Water Filtering Press Release
This NASA press release details a very important technology for
the long-term development of the moon. Water constitutes most of the mass
of consumables, so it's very important to us to have
an efficient system for filtering and cleaning water. If there is a good way to reuse the water, we can significantly reduce our requirements for consumables.
Headquarters, Washington, DC May 3, 1995
Marshall Space Flight Center, Huntsville, AL
SPACE STATION COMPLETES MAJOR LIFE SUPPORT SYSTEM TESTS
The international Space Station's water purification
system has passed a series of tests designed to evaluate
new components and configurations of the Water Recovery
System and to challenge the system's capability to remove
bacteria, fungi and for the first time, live viruses.
The test series, begun in August 1994 at NASA's
Marshall Space Flight Center, Huntsville, AL, characterized
the physical, chemical and microbiological composition of
the Space Station's expected waste water (shower water,
oral hygiene, urine distillate, wet shave, human
perspiration). The tests produced recycled water using new
performance procedures and hardware dictated by changes in
Space Station requirements and lessons learned during
earlier water system testing.
The tests featured the first use of a new fully-
integrated water processor which automatically tested for
the presence of chemical substances, such as organic
carbons, iodine and overall water purity. Also, special
computer software was developed for automated control very
similar to that planned for use on the Space Station.
"This test allowed design engineers to assess the water
purification system under the operating conditions that
would be expected on the international Space Station,"
explained Don Holder, life support design engineer in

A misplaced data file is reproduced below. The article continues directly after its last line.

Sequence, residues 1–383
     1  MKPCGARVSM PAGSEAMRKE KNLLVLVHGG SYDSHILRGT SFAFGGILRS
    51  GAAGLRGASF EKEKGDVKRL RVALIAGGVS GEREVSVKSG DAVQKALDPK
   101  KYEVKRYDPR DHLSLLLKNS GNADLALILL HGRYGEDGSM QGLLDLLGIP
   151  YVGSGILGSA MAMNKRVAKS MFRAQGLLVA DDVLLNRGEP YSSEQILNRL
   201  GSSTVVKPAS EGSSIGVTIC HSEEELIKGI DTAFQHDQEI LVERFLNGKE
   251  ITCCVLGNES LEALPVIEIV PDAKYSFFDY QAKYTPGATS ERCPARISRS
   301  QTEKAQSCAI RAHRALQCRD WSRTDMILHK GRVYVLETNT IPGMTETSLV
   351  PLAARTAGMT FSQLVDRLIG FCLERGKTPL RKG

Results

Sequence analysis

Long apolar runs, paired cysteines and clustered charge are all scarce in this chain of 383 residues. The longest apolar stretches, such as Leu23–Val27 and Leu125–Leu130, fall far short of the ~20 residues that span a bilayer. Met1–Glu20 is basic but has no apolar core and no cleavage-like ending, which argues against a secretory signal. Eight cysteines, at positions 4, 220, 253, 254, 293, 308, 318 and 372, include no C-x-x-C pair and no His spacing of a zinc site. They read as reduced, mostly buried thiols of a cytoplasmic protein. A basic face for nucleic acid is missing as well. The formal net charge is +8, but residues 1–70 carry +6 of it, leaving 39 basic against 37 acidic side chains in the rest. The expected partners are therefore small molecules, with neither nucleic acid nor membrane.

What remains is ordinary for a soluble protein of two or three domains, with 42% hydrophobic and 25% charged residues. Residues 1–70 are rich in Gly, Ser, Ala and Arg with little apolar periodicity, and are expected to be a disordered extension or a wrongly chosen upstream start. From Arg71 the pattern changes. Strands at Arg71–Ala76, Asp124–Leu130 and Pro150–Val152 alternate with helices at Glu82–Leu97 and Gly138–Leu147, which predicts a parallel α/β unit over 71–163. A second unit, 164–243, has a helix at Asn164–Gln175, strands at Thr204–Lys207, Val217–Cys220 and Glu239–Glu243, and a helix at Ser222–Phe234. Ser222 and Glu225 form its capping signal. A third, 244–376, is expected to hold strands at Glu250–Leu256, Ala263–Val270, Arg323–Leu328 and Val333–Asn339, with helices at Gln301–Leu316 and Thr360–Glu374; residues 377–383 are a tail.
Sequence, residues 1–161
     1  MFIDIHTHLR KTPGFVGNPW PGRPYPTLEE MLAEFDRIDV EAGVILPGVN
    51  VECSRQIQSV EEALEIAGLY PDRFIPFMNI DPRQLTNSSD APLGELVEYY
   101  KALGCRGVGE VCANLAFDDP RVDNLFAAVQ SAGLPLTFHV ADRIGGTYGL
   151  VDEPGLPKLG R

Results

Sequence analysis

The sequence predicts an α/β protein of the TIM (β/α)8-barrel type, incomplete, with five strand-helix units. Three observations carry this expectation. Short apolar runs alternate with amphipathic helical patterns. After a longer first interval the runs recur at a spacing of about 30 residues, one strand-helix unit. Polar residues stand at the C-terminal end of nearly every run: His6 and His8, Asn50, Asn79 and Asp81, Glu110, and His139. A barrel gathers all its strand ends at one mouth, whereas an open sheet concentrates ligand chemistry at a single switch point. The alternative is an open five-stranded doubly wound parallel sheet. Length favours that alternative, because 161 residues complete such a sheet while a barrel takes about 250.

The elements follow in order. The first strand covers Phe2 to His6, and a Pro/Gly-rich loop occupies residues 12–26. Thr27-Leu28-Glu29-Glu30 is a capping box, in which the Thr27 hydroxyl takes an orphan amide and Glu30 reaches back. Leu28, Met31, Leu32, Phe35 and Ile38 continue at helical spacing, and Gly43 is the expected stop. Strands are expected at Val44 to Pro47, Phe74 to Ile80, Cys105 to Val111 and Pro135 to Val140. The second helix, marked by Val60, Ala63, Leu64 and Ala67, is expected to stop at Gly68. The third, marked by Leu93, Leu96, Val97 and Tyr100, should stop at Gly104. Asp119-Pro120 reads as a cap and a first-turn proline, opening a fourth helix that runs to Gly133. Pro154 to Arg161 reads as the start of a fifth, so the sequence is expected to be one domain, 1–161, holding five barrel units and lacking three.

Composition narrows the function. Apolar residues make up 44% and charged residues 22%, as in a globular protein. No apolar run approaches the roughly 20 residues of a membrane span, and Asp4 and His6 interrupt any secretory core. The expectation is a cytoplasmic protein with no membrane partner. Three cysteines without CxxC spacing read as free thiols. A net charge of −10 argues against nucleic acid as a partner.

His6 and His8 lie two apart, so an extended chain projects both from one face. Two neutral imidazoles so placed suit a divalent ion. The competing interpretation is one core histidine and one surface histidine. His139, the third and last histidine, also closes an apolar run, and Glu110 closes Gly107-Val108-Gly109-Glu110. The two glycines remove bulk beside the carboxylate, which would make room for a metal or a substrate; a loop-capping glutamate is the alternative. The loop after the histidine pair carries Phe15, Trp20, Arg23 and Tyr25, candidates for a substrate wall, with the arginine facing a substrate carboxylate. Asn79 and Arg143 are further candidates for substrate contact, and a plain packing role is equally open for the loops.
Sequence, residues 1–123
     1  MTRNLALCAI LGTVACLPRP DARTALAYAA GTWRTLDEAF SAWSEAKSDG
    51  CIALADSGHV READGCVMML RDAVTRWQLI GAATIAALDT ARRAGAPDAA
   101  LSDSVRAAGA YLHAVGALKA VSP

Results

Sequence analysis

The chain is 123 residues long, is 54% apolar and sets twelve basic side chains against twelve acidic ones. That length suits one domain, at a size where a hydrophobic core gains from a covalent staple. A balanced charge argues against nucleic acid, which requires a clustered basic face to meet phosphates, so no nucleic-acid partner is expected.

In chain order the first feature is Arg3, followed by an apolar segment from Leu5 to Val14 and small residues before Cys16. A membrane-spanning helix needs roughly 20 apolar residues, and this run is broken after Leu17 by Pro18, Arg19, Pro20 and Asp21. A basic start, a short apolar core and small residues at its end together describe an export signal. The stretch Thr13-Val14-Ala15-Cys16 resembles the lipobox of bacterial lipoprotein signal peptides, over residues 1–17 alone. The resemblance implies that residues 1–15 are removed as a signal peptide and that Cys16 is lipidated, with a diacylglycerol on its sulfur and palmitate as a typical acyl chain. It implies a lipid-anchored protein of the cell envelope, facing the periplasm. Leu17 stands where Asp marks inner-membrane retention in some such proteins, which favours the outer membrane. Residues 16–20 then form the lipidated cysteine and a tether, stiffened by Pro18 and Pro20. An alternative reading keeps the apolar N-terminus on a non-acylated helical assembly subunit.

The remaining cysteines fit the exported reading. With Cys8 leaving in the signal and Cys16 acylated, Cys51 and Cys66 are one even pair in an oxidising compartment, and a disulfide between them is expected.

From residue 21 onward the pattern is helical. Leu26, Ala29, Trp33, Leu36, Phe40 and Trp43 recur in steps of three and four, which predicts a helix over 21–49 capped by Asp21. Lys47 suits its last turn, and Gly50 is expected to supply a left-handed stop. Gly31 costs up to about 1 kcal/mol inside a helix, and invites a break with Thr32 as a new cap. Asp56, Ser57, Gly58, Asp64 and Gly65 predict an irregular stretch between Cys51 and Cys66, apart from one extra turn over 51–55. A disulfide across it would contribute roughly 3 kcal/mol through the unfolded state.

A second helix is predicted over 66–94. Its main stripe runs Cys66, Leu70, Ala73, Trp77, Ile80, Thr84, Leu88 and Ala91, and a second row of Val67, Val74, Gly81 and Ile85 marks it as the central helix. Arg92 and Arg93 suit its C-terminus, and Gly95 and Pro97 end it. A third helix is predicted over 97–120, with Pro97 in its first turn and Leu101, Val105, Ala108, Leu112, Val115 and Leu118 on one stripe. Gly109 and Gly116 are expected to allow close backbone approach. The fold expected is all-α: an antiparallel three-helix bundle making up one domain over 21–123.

Marshall's Thermal Control and Life Support Systems
Division and principal investigator for the test. "Overall,
the system was very effective in producing high quality
potable water from waste water," said Holder.
"The purification equipment effectively removed high
concentrations of microbes in the waste water and provided
water with little detectable bacteria and fungi," explained
Monsi Roman, life support system microbiologist. "The test
series was very challenging, and we are very pleased with
the excellent results and overall efficiency of the
The final phase of the water purification tests
included, for the first time, an assessment of the system's
capability to eliminate viral particles. During the five-
day viral test, high concentrations of viruses were
steadily introduced in the system. While special filters
are used to remove larger contaminants such as skin
particles and hair fragments, the smaller viral organisms,
along with fungi and bacteria, were destroyed by exposure
to the purification system's synthetic cleaning resins and
high temperature processor. Throughout the viral test,
water samples were collected in order to study the
effectiveness of each element of the system and evaluate
its role in viral removal.
The viruses selected for the test, MS2, T-1, VD13 and
23356-B1 can only infect specific bacteria. These viruses
are common and non-pathogenic for humans. MS2 is
frequently used by the Environmental Protection Agency as
an indicator for determining the viral effectiveness of
drinking water disinfection processes.
"The viral removal capability of the water recycling
system appears excellent based upon our preliminary test
results," said Christon Hurst, a virologist of the
Environmental Protection Agency's Drinking Water Research
Division in Cincinnati, OH. Hurst provided on-site support
to the viral tests series and supervised post-test
evaluation of the data.
Additional testing of the water purification system is
planned to determine the actual lifespan of some system
hardware, such as filters. The water processor is
scheduled to be launched in the U.S. habitation module in
Marshall is conducting a variety of water purification
tests in support of the Space Station Program Office.
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